Ask good questions
In an earlier post, I focused on the challenges of leading a good user interview. Today, I’d like to focus on one rule about asking questions to get reliable results.
##Ask open-ended questions. Otherwise, the responses you get will be either biased or useless.
##Let’s look at some interview questions (from worst to best)
They appear in order: from least useful to most useful in getting you good responses. For context, imagine you’re doing some user research and you’re in the middle of a project to design some widgets.
“You like this widget in green, right? We picked green because it’s calming.” This question is so bad it’s grotesque, but it may still happen to novice interviewers. Not only does the question suggest a specific answer (you like it!), but it also gives reasons why that answer might be the right one (green is calming!) The interviewee is not likely to share a genuine opinion with this much pressure to say “yes, I love it in green!”.
“How do you feel about this widget? Do you like its color?” Slightly better, but still of limited use. By suggesting a response and allowing the user to narrow it down to a binary yes/no, we’re getting a very limited amount of information back. In addition, likes and dislikes move the conversation into a potentially awkward area. Some people may not be comfortable telling you they don’t like something you made.
“How do you feel about this widget? What do you think it does?” Now, this is better. We are opening up to qualitative responses with lots of detail. By not suggesting options for what an answer might be, we are more likely to get unexpected, valuable results.
“Talk me through what you see here.” A super open-ended question, useful in the beginning of an interview. Do they even see the widget?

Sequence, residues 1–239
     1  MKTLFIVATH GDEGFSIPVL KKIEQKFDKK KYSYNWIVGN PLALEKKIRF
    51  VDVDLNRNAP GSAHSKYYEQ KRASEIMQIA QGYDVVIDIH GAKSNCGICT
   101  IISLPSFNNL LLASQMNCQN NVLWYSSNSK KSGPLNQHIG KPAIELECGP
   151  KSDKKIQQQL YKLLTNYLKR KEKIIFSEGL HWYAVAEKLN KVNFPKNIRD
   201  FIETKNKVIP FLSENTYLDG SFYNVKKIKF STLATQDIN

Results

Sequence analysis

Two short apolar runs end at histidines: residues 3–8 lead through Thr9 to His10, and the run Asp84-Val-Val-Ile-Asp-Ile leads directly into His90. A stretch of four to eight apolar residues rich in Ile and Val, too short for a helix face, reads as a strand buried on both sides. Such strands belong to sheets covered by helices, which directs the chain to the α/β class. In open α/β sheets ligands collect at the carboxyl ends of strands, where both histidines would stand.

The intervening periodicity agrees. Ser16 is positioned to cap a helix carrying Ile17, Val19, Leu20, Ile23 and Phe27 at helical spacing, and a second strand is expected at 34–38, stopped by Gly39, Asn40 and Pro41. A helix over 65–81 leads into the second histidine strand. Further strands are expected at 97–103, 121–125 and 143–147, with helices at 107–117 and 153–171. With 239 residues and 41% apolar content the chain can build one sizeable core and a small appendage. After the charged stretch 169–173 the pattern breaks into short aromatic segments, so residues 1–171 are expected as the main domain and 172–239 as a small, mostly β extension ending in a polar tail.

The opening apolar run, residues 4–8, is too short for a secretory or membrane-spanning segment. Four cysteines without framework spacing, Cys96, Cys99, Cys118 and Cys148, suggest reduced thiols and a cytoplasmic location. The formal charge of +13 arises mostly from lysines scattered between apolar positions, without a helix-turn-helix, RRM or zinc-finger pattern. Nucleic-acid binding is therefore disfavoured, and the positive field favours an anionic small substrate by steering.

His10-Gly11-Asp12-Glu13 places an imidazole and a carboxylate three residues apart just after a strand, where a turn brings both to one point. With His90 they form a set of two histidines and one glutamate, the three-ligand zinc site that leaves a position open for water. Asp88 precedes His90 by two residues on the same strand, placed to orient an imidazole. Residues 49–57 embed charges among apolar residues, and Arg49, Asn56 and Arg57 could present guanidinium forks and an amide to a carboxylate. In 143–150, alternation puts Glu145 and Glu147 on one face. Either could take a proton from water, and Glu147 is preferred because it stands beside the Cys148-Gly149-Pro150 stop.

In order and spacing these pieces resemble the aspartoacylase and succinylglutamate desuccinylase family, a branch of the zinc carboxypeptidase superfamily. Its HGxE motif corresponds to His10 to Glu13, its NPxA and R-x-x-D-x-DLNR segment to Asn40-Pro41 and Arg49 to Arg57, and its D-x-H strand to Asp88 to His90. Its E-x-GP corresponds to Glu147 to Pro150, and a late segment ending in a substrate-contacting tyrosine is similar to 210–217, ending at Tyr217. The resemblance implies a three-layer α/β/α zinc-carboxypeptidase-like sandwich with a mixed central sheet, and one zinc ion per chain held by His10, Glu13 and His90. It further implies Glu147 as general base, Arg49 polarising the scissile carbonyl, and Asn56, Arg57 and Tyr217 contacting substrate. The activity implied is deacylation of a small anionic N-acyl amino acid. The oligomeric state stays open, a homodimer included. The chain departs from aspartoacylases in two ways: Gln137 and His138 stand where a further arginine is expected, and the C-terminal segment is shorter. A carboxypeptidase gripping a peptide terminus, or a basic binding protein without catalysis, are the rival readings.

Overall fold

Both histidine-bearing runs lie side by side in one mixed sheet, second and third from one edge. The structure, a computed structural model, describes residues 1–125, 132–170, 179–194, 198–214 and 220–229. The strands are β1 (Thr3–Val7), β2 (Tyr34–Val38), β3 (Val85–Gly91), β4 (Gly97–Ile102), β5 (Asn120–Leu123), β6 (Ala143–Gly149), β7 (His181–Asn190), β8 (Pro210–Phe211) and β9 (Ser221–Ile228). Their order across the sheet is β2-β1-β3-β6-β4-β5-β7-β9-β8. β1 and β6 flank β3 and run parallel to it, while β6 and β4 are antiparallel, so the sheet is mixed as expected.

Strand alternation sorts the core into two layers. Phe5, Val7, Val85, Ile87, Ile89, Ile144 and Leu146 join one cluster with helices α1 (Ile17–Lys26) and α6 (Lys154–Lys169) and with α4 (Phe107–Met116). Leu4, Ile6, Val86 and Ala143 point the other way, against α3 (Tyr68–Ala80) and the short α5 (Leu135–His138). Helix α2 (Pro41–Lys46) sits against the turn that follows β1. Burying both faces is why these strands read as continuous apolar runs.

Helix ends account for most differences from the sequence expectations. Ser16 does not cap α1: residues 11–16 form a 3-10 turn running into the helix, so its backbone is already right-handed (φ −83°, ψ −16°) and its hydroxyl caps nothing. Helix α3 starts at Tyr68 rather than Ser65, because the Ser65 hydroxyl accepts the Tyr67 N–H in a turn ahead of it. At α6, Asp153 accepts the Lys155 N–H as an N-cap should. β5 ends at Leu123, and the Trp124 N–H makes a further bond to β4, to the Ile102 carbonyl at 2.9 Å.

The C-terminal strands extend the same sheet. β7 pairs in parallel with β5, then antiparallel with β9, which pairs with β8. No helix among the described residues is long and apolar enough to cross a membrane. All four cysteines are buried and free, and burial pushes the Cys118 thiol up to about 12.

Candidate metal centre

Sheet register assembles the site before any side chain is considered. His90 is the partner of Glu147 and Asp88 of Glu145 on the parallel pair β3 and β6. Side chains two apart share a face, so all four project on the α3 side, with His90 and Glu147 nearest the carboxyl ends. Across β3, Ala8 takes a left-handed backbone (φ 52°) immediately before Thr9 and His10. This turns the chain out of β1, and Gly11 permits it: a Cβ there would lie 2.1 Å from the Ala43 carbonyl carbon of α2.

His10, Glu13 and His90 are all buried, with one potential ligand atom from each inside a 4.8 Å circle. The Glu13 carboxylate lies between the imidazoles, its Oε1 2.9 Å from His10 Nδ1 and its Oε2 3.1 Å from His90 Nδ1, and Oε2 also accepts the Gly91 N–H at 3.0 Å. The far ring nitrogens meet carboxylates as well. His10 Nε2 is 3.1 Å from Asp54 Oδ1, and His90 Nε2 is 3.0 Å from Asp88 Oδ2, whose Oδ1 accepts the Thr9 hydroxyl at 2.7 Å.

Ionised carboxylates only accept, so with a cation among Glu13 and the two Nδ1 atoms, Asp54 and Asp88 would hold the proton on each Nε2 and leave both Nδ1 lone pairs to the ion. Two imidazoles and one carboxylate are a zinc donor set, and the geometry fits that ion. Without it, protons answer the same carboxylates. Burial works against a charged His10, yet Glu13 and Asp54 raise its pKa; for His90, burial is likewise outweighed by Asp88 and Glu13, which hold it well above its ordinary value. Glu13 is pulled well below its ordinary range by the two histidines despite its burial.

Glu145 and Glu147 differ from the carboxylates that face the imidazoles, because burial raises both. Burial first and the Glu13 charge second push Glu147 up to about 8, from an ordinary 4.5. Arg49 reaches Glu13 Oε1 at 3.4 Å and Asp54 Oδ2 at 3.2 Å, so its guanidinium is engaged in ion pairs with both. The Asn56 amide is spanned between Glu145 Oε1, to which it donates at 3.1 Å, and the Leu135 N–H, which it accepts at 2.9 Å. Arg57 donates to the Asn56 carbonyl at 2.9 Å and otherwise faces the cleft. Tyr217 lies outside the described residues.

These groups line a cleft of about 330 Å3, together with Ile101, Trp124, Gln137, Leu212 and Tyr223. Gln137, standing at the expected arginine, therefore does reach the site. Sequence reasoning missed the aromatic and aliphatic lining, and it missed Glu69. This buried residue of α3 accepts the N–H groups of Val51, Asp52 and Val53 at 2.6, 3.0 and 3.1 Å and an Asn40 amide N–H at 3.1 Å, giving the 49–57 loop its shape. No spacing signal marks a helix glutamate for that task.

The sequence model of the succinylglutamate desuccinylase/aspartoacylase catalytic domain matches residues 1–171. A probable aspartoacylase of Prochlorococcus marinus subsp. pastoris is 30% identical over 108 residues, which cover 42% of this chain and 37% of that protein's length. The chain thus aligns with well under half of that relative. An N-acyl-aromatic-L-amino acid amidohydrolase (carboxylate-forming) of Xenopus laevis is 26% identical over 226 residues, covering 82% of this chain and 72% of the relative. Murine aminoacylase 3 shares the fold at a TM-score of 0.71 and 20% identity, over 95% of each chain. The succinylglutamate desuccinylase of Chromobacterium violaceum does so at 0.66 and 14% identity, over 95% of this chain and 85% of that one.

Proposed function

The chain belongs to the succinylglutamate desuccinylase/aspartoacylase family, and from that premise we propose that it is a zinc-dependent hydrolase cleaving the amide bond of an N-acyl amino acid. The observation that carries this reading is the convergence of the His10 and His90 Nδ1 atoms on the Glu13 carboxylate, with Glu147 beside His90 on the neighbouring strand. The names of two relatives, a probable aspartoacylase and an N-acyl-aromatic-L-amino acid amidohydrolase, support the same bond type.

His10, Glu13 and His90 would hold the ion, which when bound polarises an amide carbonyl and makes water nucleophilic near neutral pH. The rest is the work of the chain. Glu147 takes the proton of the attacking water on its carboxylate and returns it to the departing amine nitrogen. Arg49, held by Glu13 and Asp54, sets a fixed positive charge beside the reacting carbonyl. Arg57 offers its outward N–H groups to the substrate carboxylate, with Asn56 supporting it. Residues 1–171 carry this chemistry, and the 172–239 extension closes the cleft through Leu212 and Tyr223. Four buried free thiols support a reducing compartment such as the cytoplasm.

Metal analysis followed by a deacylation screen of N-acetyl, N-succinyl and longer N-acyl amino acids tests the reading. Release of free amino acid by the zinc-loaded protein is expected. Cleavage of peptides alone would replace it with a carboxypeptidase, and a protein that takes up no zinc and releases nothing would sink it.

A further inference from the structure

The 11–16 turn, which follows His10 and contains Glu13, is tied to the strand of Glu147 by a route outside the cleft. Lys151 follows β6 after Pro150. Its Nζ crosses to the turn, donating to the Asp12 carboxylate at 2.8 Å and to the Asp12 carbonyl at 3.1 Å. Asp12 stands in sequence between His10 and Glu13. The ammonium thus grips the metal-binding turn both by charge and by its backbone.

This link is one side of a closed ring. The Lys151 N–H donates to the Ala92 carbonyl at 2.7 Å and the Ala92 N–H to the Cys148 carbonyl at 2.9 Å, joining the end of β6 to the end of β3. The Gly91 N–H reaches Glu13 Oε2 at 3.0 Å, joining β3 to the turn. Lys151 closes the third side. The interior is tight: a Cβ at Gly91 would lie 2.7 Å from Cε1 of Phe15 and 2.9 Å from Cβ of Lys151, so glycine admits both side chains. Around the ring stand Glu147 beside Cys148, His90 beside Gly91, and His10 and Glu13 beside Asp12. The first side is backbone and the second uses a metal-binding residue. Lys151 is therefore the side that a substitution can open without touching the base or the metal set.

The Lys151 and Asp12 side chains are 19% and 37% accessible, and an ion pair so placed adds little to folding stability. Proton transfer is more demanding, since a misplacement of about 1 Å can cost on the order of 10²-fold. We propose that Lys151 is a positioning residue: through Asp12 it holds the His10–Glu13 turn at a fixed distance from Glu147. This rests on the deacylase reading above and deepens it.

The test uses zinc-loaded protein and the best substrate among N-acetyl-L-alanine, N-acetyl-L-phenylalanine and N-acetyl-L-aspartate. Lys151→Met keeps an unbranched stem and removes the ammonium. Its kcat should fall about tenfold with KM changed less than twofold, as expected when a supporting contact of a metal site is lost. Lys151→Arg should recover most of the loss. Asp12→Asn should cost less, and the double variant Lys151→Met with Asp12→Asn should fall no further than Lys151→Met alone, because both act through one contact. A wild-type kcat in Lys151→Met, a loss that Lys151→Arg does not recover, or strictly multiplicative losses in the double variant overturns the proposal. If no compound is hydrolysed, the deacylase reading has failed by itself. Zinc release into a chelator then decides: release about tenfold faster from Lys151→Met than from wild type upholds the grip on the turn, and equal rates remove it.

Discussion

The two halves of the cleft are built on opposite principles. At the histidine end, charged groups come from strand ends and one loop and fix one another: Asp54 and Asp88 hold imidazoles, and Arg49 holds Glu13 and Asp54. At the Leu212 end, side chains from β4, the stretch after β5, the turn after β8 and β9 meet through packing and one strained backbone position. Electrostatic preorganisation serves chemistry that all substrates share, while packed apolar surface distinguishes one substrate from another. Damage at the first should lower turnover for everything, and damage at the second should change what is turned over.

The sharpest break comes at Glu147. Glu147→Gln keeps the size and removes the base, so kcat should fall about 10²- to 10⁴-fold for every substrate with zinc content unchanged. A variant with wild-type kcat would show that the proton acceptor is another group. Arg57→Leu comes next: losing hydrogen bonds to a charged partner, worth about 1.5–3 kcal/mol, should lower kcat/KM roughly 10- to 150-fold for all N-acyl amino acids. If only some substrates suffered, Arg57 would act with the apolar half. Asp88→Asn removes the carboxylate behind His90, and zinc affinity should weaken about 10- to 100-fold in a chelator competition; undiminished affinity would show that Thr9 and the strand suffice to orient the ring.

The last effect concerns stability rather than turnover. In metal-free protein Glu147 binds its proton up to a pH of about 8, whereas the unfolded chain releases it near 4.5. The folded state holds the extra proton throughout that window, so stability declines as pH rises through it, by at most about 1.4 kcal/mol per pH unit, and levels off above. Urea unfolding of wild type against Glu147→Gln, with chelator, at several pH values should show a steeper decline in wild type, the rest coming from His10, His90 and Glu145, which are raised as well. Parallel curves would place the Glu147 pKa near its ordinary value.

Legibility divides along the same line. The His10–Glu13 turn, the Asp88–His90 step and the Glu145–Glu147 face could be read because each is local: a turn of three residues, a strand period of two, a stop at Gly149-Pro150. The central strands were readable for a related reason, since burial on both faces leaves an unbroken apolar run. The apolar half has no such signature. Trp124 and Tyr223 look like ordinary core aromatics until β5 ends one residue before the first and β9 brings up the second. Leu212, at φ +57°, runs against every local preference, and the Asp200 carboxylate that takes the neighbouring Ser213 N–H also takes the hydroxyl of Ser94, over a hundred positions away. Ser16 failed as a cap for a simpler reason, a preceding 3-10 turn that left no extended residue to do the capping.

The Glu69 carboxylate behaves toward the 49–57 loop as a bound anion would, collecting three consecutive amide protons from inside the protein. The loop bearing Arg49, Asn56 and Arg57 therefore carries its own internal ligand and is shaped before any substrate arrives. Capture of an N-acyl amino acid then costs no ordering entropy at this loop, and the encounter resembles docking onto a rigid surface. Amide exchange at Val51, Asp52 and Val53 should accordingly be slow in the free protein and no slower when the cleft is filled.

“How would you normally approach (widget-related task)?” This seems to be the best opening question for a user interview. While not appropriate for all circumstances, it is great at opening up areas you may not have considered to be in the scope of the project. This question can help reframe the problem you are working to solve.
“How did you last (widget-related task)?” Past behavior is a more reliable indicator than a behavior people might describe as their normal. So, this re-phrasing can encourage more honest answers.
You may notice that it takes more time to ask open-ended questions. You may trigger your interviewee to share a lot of extra information, not just a concise answer to the question you asked. You may have to follow up with more questions to get to the “why” behind a certain behavior. But with the increased effort comes a better result. The responses are real. They are not influenced by your opinion about the thing you’re asking, because you’ve kept that opinion outside the questions. These responses present a more nuanced picture of your users’ needs and environment.
I condensed this principle from conference talks, books and workshops I attended over the past few years. Two sources in particular:
Sound reporting : the NPR guide to audio journalism and production. This book is outside of the usual UX Design reading list, but it’s useful for interviewing skills. It shows how much effort and consideration it takes a journalist to gather information in a neutral, ethical way.
It’s almost always a better investment of your time to conduct a few in-depth, “difficult” and neutral interviews, than to rush many interviewees through surface-level questions. This is especially true at the beginning of a project, when more design options are open. Your effort to keep the process unbiased will yield quality results, and quality wins.